I am hesitant to post this because I know from my own experience that there is, on any given subject, deep and compelling research and analysis available in the blogosphere. My complaint is really that just like in all media segments the blogosphere has become brand centric and despite a lot of rhetoric about long tails the fact remains that coverage is disproportionately tilted to a handful of sites. How do we accomplish the greater good of aggregating the best and brightest coverage instead of just amplifying the loudest voices?

If all we care about is starting things then the tech economy will eventually falter because at some point you have to answer the critical question “why do you matter?”. This simple question should be at the top of the list whenever any company or product is written about, I know that it will be for me going forward.

Digg’s Recommendation Engine

We’ve been developing filtering technologies based on behaviors and expressed likes/dislikes. It’s hard stuff and one thing is evident, relying on a single mechanism or ideology for recommendations is a strategy fraught with risk.

If you rely on active participants, people training the recommendation engine, you simply won’t get the data inputs necessary to deliver good recommendations. It’s equally true that if you rely simply on historical behaviors you will end up with a recommendation engine that breaks easily when an outlier condition is observed. Anyone who have purchased a random gift item for someone on Amazon knows exactly what I am referring to, the suggested items list gets polluted.

The user experience is also a sticky subject because the recommendation results have to ride alongside the main content or be easily navigated. The simple fact is that users want recommendations as something extra rather than the main experience. The challenges that Digg’s recommendation engine is experiencing are representative of what I am talking about, a less than stellar user experience that reflects UI and more significantly, recommendation results.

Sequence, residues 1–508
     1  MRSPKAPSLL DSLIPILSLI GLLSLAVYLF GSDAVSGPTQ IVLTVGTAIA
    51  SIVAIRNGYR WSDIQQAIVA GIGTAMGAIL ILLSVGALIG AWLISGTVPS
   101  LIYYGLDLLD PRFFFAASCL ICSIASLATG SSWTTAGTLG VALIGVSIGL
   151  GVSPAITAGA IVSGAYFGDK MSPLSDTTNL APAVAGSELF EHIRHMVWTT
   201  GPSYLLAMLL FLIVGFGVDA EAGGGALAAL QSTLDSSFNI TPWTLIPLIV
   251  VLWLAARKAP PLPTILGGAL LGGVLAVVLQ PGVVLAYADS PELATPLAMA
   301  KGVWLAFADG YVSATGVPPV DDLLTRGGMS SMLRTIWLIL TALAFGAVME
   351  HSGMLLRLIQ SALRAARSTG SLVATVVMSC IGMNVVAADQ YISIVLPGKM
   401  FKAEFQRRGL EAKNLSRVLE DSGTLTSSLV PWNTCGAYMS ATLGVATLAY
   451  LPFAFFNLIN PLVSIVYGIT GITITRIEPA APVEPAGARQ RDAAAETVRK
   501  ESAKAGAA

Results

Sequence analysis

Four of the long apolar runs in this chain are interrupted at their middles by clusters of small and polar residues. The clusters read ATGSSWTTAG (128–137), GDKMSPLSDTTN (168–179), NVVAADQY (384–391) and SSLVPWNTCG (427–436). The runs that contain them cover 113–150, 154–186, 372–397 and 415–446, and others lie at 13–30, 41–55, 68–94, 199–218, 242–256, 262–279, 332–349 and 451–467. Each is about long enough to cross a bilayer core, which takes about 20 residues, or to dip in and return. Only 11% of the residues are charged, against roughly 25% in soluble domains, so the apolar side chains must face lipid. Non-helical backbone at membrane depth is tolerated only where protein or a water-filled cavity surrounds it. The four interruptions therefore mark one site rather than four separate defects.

After using it for quite some time, like most such ideas, I find it utterly useless. I use Digg in the following way: I check out the front page and the upcoming Technology section for interesting stories. The recommendation engine merely gets in my way, making me go through a couple of extra clicks to get what I want (whenever Digg doesn’t automatically log me in, which is often). The stories that the recommendation engine feeds me seem completely random; standard categorization by topics works way better, and checking only what’s recommended feels like I’m missing out on good stories.

[From So, How’s That Digg Recommendation Engine Been Working For You?]

Personally, I’m a big believer in the value of recommendation engines as a feature which augments a primary user experience and am impressed by the progress we have made on this front. In many ways this is running in parallel to efforts to surface related content because both efforts require building metadata about content that includes key entities, categories, sentiment, and additional taxonomy data that helps narrow the content focus.

It’s also true that there can be too much of a good thing and users have little patience for a system that returns volumes of links and excerpts that are essentially identical, therefore it’s essential to have a filtering mechanism that attempts to surface just the best content according to quality and popularity filters.

I have long contended that nobody ever says “I need more content” or more sources, but this is often asserted as a way of saying “I need better content” in that content is being discovered, filtered and then presented in a manner that helps people find the things that they did now know they did not know. We’re getting there.

Dapper MashupAds Turn Your Website Into Contextual, Display Ads

This is a great example of what is possible when you enable widgets with a communication mechanism (as in communicating with other data elements) and take advantage of microformats. Great work by the Dapper team, this is a very novel solution (in all fairness, it is essentially what AFC is doing, so novel is subject to interpretation).

The most important ad for a company or brand is its Website. So why not use that Website to generate ads? Dapper, a startup that can create a feed from any Website, is applying its technology to generate contextual, display ads from the constantly changing content on an advertiser’s own site.

[From Dapper MashupAds Turn Your Website Into Contextual, Display Ads]

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P2P Loans Runs in the SEC

This is an interesting story at the intersection of regulatory oversight and technology enabled business models. Personally, I really like the P2P startups but I wonder about the potential for abuse in these networks and the backing company’s willingness to regulate the markets if the net effect is to reduce activity.

But this so-called peer-to-peer lending, which until recently seemed that it might offer a reliable source of money in this calamitous economic environment, is now experiencing a squeeze of its own.

[From Lending Alternative Hits Hurdle – NYTimes.com]

More on this topic (What's this?) Read more on Loans at Wikinvest